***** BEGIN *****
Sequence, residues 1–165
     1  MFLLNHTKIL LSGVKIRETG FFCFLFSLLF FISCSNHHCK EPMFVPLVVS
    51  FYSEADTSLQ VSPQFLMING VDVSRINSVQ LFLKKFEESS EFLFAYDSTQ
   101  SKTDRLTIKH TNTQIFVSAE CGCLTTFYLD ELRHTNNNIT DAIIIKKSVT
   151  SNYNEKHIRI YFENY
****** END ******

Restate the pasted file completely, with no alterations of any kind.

Sequence, residues 1–165
     1  MFLLNHTKIL LSGVKIRETG FFCFLFSLLF FISCSNHHCK EPMFVPLVVS
    51  FYSEADTSLQ VSPQFLMING VDVSRINSVQ LFLKKFEESS EFLFAYDSTQ
   101  SKTDRLTIKH TNTQIFVSAE CGCLTTFYLD ELRHTNNNIT DAIIIKKSVT
   151  SNYNEKHIRI YFENY